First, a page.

I've written before about the importance of learning music correctly in the first place, and am currently reinforcing that lesson in my practice... I am re-learning huge chunks of Carmen (which I adore) for a forthcoming concert in England (which I am looking forward to) and discovering to my dismay that my initial preparation was bloody slapdash (in my defence, I accepted the contract with one week to learn the opera, one week to rehearse, then flying straight out to Thailand for a tour, so I didn't really have the time for proper preparation!).
It's not so much the broad sweep of things - the words are pretty much stuck in my memory, the arias of course have been part of my repertoire for years (you can't look like I do and fail to have a Carmen aria or two up your sleeve for concerts!), and the basic rhythms are just so right that they can't go wrong. No, it's the little details. Where notes are dotted and where not. How long to hold a particular note for. Very quiet here, slightly louder here... Emphasize this note, pull off on that. Oh, there's a world of nuance and sophistication that I missed the first time around, and am now under a moral duty to correct. Bizet took the time to compose this with particular effects in mind, and as an interpreter I am failing him if I ignore his intentions.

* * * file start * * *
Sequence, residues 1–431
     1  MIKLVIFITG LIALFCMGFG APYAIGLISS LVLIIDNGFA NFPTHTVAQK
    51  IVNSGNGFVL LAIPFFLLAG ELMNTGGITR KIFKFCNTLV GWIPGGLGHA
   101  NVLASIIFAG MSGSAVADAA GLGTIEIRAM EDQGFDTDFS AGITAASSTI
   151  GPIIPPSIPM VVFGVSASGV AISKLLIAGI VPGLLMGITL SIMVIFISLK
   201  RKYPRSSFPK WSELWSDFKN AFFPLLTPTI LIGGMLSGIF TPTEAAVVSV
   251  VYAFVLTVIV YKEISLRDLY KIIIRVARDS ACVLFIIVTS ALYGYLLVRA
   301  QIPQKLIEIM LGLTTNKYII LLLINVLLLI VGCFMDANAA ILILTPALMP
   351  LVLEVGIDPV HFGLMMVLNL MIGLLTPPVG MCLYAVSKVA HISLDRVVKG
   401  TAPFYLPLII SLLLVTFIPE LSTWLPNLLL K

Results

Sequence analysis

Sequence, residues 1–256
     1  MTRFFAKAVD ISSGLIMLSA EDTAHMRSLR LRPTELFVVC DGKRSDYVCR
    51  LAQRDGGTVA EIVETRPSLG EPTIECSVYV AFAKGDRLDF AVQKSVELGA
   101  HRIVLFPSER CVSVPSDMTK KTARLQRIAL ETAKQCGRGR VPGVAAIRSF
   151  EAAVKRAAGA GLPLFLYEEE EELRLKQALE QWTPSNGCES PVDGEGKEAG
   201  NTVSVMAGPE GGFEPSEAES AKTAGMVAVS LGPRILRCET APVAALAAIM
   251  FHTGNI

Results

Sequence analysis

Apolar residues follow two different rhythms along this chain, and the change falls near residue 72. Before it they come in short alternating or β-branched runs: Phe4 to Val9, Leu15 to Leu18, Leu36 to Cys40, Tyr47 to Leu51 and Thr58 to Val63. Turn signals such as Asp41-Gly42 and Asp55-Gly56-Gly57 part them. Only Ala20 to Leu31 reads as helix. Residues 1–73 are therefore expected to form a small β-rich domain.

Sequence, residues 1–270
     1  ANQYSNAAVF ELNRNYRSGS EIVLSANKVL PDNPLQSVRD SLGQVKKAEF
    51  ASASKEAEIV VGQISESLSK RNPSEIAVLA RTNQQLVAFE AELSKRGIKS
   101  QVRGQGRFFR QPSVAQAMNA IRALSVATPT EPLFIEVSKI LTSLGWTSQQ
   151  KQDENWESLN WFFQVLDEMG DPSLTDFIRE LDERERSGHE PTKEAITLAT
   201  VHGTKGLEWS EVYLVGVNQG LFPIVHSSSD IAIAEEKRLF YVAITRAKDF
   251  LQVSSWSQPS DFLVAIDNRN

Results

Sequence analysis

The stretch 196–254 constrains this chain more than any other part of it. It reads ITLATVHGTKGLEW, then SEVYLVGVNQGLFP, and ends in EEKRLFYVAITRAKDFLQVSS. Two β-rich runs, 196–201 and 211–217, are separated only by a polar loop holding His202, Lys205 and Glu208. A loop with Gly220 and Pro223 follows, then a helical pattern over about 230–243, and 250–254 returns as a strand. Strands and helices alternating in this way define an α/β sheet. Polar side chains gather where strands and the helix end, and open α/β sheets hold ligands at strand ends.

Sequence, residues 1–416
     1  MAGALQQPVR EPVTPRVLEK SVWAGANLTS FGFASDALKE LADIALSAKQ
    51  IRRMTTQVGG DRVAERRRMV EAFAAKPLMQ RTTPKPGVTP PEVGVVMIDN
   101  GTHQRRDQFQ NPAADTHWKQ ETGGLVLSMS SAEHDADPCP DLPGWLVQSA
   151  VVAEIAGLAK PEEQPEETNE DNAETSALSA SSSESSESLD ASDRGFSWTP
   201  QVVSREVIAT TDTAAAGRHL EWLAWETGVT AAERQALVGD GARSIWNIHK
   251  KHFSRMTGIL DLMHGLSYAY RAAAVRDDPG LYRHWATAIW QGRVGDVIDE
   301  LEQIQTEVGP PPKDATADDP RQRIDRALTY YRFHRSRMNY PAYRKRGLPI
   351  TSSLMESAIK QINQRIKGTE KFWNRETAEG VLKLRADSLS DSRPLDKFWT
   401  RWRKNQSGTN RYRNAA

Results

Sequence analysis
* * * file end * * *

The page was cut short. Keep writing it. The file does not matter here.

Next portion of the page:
Damned hard work, though. It really is so much more difficult to re-work something than to learn it correctly in the first place. The slightest lapse of attention, and your brain reverts to previous patterns...
Still, definitely worth it. I love how, as a singer, you discover new aspects of a character every time you sing her. It's similar to re-reading classic novels; you are never the same person you were when you previously read them, and new angles present themselves to the older you.
Right. Back to annoying the neighbours with the same little phrase repeated thirty times!!!